I’m a young carer
Wigan and Leigh Carers Centre has over 15 years’ experience of working with young carers, from as young as five, through their teenage years and right up until they become independent adults. We work across the whole of Wigan borough and are a vibrant charity with a big heart. We have some amazing success stories and feel proud to be part of a young carer’s journey into adulthood – our track record speaks for itself; we now have some young adult carers volunteering – as they are eager to ‘give something back’ to the charity which has supported them.
Young carer definitions
There are two major pieces of legislation that define and enshrine rights for young carers. The Care Act and the Children and Families Act. Their definitions differ.
“Young carer means a person under 18 who provides or intends to provide care for an adult” (Care Act (2014), Section 63, 7).
Alternatively, “young carer” means a person under 18 who provides or intends to provide care for another person (but this is qualified by section 17ZB(3)). Children and Families Act 2014 (c. 6) Part 5 — Welfare of children.
We take the wider definition to cover siblings, and even on occasion people outside of the immediate family.
We support young adult carers up to the age of 24. Increasingly we are seeing use of the term ‘Transition Age Carer’ to cover the transition into adulthood and this covers the age range 14-24.
The term young adult carer being reserved for carers who are adult, but still young.
Caring is diverse and depends on the needs of the people who are cared for. Caring is generally seen to take one or more of the following forms:
- Personal care
- Physical care
- Emotional support
- Practical care
- Sibling care
Of these we would expect sibling care and practical care (e.g. chores) to be carried out by older siblings, and most young people with siblings. The key concern is are they doing more chores due to family members being unable to? Are they looking after siblings more because other family members cannot; or are they looking after siblings with additional needs due to illness or disability?
A key issue is the concept of inappropriate care:
Inappropriate caring responsibilities should be considered as anything which is likely to have an impact on the child’s health, wellbeing or education, or which can be considered unsuitable in light of the child’s circumstances and may include: personal care such as bathing and toileting; carrying out strenuous physical tasks such as lifting; administering medication; maintaining the family budget; emotional support to the adult. Care and Support Statutory Guidance (DoH 2014).
Children may care for people with a range of life-limiting conditions generally categorised to take one or more of the following forms:
- Sensory disability
- Long term illness
- Physical disability
- Learning disability
- Mental health conditions
- Problematic use of drugs and or alcohol
Are there any young carers in my area?
We have over 1,100 young carers between the ages of 5 and 24 registered with us, but there is more to be done to raise awareness and to ensure that these young people are recognised and supported at an early age.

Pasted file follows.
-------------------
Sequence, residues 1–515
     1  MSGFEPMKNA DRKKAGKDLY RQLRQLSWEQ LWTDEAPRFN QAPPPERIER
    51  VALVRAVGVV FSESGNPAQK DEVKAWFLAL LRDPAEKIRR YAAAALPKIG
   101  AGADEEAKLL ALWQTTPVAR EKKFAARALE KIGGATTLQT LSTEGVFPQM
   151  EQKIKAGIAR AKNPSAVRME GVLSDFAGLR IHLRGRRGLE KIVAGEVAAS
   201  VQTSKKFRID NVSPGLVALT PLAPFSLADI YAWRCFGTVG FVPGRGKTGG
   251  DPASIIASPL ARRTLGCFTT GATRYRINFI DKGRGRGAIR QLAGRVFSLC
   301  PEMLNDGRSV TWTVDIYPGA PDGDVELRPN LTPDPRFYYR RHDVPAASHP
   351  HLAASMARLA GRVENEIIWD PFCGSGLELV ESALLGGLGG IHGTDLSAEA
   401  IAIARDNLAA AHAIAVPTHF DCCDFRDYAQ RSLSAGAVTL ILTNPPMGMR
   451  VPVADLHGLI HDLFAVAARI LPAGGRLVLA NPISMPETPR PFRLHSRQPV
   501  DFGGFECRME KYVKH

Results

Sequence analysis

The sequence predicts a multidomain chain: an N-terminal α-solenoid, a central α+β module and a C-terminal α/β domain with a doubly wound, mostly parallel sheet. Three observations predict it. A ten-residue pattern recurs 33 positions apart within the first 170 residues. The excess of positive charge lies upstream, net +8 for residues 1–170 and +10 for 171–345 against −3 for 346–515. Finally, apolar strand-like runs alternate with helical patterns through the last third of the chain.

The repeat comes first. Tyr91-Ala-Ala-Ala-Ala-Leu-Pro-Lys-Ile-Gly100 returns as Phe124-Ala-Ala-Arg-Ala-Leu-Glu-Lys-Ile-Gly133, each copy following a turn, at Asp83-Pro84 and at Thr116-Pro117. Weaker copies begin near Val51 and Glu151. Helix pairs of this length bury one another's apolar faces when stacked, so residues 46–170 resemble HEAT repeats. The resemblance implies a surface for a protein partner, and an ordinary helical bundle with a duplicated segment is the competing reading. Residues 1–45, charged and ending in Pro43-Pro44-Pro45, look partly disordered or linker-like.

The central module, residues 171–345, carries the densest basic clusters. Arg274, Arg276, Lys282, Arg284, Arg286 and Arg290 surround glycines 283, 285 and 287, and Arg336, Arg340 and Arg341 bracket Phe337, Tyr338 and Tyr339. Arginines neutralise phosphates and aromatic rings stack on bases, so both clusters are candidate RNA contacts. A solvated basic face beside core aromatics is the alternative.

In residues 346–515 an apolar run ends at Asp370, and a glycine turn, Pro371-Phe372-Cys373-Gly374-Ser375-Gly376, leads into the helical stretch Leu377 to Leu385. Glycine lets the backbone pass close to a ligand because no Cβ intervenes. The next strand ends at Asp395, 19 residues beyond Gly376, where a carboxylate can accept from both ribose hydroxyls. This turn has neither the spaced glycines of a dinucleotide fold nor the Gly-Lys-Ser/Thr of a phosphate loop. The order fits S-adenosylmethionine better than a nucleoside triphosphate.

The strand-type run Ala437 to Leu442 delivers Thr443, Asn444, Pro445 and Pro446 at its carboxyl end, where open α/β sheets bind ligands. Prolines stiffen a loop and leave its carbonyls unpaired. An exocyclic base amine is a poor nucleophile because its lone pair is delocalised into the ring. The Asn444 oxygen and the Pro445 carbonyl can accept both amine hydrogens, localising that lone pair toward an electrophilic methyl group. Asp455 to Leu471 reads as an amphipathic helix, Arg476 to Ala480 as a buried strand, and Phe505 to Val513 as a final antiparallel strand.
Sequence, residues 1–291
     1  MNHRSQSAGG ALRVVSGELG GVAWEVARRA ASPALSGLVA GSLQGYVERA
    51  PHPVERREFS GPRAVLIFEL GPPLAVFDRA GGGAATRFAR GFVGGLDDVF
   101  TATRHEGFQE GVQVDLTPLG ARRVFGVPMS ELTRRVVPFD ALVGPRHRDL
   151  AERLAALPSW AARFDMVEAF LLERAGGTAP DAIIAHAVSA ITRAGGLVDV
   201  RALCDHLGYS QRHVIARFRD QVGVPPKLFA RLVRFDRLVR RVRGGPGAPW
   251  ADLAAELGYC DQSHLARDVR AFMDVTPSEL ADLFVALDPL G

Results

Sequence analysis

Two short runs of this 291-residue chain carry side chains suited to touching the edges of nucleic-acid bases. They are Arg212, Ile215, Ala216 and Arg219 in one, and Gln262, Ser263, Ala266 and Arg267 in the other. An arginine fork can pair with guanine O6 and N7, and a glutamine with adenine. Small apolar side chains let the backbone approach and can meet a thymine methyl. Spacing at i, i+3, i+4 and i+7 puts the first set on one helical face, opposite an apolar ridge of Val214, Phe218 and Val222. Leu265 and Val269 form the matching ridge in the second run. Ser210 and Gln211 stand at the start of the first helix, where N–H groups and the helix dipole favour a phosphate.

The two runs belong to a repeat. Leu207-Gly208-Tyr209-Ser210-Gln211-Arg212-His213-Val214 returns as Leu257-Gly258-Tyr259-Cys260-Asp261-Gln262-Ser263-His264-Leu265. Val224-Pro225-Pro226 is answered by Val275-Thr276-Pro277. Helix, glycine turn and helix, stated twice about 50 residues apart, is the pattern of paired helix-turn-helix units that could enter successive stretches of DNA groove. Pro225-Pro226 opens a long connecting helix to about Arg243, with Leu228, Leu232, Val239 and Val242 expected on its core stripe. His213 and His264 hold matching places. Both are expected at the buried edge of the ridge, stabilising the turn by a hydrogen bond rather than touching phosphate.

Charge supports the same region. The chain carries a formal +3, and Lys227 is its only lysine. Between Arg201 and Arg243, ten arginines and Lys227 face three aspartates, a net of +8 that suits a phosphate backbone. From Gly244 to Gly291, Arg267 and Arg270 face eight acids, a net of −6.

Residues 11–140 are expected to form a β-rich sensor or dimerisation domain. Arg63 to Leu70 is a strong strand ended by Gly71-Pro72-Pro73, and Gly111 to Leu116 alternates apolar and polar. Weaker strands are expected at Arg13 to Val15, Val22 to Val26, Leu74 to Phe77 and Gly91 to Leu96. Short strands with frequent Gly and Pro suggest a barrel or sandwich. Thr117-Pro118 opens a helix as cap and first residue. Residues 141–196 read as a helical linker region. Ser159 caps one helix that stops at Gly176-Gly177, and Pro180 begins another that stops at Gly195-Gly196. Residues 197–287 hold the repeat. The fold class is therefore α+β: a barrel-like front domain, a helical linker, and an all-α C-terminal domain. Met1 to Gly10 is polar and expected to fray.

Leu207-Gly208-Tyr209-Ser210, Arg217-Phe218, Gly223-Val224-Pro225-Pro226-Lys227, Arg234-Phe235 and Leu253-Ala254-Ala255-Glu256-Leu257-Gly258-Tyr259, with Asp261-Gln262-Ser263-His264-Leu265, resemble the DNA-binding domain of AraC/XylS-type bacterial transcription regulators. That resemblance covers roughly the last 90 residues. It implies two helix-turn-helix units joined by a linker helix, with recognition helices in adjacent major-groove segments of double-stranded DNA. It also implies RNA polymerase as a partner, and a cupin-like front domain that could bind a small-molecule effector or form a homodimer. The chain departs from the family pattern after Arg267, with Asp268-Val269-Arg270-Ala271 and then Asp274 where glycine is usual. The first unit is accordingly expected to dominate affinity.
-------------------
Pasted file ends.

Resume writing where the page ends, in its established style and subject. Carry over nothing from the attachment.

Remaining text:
Young carers are often described as hidden, and therefore estimates vary as to how many there are. We frequently use two sources to estimate numbers in Wigan borough. The lower estimate is 2.3% based on the 2011 census. The higher estimate is 8% based on a survey undertaken by the BBC and the University of Nottingham.
A simple estimate based on the number of children in the borough suggests between 1,300 and 4,500 children have some sort of caring role. This figure excludes young adult carers (YACs) in the 18-24 age range. The extent and degree of caring can differ remarkably as well as the impact of the ‘type’ of caring.
Why are young carers hidden?
Some of the most common reasons that young carers are hidden include:
- Parent’s condition is not obvious. People don’t think they need any help.
- They do not realise that they are a carer.
- They don’t want to be seen as different from their peers.
- They believe their school will show no interest in their family circumstances.
- They want to keep their identity at school separate from their caring role.
- It’s not the sort of thing they feel can be discussed with friends.
- There has been no opportunity to share their story.
- They are worried about bullying.
- They worry that the family will be split up and taken into care.
- They want to keep it a secret and/or are embarrassed.
- They see no reason or positive actions occurring as a result of telling their story.
Impacts of caring
In a recent study the average total GCSE points score for a young person who had caring responsibilities in year 9 was 333, compared to 386 for young people who were not young carers in year 9.
Equivalent to nine GCSE grades overall, or the difference between nine Bs and nine Cs. Hidden from View, 2012 p. 12 Cheesbrough et al., 2017a, b.
- 16% vs. 3% of carers report being bullied compared to non-carers
- 10% vs. 1% of carers report being late for school compared to non-carers
- 28% vs 50% of carers report having never been absent from school compared to non-carers.
GMA Survey – By carers for carers (245 from 7 Boroughs)
- 1/3 of young carers haven’t told their school they are carers
- 3 out of 5 don’t have a lead in school
- 9 out of 10 panic or worry when they aren’t with the person they care for
- 1 in 5 don’t feel they have the skills to care for the person they have to look after
- 44% worry about being taken into care
- Over 60% can’t afford anything other than necessities
- Outside of YC services 15% never see friends
It is our aim at Wigan and Leigh Carers Centre to challenge these issues and help support Wigan’s young carers and young adult carers. If you wish to discuss any of these issues in confidence, please contact us.